MATHIAS CORMANN: We are working very hard to control expenditure growth. We inherited unsustainable and unaffordable spending growth from the previous Labor government. We have been able to get that under control. Spending growth is now below 2 per cent above inflation where it was running about 3.7 per cent above inflation per annum under the previous government. We will continue to control spending. What we have done in this Budget again is wherever there was a requirement for increased spending, we have paid for that by reducing spending in other parts of the Budget, not through increased taxes. Our criticism of the Labor alternative is that their proposal is to increase taxes by more than $100 billion over the next decade, which would hurt the economy and cost jobs. But they want to use all of that money to spend more and even spend more beyond that which would mean more deficit and more borrowings.
MICHELLE GRATTAN: You can see why the ordinary voter might think ‘well the Government’s been soft in this Budget because there’s an election around the corner, but once they got in again they could turn the dial to toughness’.
MATHIAS CORMANN: We haven’t been soft in this Budget.
MICHELLE GRATTAN: Relatively soft.
MATHIAS CORMANN: The policy decisions of the Government improve the Budget bottom line by $1.7 billion over the forward estimates. That is taking together both the revenue and the expenditure side. On the expenditure side alone, the net impact of policy decisions of the government reduced spending by $3 billion.
MICHELLE GRATTAN: That’s not a lot over the Budget period.
MATHIAS CORMANN: In the mean time we have paid for an additional $2.9 billion for state hospitals. We have paid for another $1.2 billion in funding for state schools. We have paid for a whole range of other things that came out of savings rather than out of increased taxes.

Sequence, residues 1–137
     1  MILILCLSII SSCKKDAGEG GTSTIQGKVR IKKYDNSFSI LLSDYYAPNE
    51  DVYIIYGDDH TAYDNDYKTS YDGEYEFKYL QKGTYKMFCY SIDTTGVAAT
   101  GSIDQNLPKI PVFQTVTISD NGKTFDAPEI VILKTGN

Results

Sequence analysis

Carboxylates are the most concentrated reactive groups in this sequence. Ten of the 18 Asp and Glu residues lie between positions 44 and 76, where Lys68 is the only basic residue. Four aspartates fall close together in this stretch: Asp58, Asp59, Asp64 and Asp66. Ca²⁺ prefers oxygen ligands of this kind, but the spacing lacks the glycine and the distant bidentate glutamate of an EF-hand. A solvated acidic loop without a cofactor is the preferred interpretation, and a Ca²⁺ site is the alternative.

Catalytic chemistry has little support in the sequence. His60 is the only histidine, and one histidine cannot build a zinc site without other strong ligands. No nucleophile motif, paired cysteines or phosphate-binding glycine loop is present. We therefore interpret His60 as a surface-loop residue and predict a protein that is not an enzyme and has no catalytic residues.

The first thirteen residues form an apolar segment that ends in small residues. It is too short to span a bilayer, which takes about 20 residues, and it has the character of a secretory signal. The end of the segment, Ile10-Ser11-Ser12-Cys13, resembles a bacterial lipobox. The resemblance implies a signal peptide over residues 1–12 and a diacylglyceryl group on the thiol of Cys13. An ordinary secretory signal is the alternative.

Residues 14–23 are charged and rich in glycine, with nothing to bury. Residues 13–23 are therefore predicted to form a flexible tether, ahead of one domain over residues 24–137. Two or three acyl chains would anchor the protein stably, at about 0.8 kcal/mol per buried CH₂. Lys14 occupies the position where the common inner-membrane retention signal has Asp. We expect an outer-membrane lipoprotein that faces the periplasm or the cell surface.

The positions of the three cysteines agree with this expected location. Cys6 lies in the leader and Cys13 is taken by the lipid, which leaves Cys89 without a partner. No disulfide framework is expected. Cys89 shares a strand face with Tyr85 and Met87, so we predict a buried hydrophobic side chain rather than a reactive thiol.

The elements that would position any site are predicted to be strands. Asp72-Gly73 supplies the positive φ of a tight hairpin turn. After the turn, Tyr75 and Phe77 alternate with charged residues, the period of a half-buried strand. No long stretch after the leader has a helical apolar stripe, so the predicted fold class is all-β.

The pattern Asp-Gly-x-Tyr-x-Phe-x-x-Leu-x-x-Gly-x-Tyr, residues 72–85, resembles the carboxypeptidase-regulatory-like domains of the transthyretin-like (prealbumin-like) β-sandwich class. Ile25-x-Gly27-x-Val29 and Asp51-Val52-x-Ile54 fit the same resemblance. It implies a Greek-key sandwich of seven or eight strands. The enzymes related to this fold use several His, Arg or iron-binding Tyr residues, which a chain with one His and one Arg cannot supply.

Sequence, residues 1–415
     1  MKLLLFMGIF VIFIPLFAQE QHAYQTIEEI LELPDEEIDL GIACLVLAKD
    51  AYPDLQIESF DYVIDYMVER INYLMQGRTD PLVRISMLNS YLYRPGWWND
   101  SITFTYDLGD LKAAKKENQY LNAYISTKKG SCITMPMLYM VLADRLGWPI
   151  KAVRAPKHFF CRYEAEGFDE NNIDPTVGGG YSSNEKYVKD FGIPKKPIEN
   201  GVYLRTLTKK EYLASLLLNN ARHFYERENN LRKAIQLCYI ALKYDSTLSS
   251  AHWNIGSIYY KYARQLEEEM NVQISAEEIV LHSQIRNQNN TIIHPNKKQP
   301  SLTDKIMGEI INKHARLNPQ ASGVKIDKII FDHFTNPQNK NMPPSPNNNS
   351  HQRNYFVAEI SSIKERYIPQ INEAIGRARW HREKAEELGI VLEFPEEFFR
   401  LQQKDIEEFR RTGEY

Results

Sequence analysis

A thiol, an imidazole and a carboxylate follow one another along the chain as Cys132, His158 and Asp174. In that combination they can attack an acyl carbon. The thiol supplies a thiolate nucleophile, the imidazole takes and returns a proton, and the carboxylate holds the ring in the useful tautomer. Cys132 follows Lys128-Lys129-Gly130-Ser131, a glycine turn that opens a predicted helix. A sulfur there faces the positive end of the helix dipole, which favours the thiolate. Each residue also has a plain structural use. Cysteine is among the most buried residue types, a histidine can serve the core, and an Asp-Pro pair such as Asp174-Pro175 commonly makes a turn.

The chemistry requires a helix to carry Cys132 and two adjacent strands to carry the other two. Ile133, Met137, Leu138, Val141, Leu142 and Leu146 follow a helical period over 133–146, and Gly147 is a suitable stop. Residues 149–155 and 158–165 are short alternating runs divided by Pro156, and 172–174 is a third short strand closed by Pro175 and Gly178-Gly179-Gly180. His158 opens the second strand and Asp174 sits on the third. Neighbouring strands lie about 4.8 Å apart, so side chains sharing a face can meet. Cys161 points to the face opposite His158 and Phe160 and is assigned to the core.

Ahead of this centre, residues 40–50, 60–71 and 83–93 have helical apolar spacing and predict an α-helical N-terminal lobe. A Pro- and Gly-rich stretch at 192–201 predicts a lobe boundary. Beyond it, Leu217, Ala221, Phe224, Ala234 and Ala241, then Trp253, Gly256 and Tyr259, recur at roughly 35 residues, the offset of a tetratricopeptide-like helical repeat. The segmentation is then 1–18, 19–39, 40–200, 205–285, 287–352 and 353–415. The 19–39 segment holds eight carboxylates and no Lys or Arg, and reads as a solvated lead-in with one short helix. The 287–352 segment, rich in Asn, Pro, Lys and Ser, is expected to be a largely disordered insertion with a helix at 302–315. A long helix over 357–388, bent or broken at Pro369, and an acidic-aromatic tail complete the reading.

MICHELLE GRATTAN: The Budget estimates that the tax changes that you’re proposing over a decade will lift GDP by some 1 per cent, but what is the timeline on that lift. It’s longer obviously than the decade, which even seems to be a very long time.
MATHIAS CORMANN: The advice from Treasury is that our 10 year enterprise tax plan will permanently increase the size of the economy by one per cent. We need to have the opportunity to implement this plan which will reduce the corporate tax rate to 25 per cent over the decade, prioritising small and medium sized businesses in the first instance. What this will help us to achieve is to attract additional investment into Australia to increase productivity, increase the level of job creation and also importantly to increase real wages over time and as such increase living standards. That is really the driver of helping people across Australia to get ahead.
MICHELLE GRATTAN: So when would we get to the one per cent?
MATHIAS CORMANN: That is something that would start to come into effect once the whole plan has been implemented. So it is progressively ... interrupted
MICHELLE GRATTAN: When would the full one per cent be seen?
MATHIAS CORMANN: This is going to progressively come on board once the whole ten-year enterprise tax plan is in effect and is implemented. What we will see over time is a permanent increase in the size of the economy by one per cent, which is a very significant increase.
MICHELLE GRATTAN: It is, but although one could say it is not huge.
MATHIAS CORMANN: One per cent is quite significant. A permanent increase in the size of the economy of one per cent which increases the base from which future growth then takes place has a significant compound effect.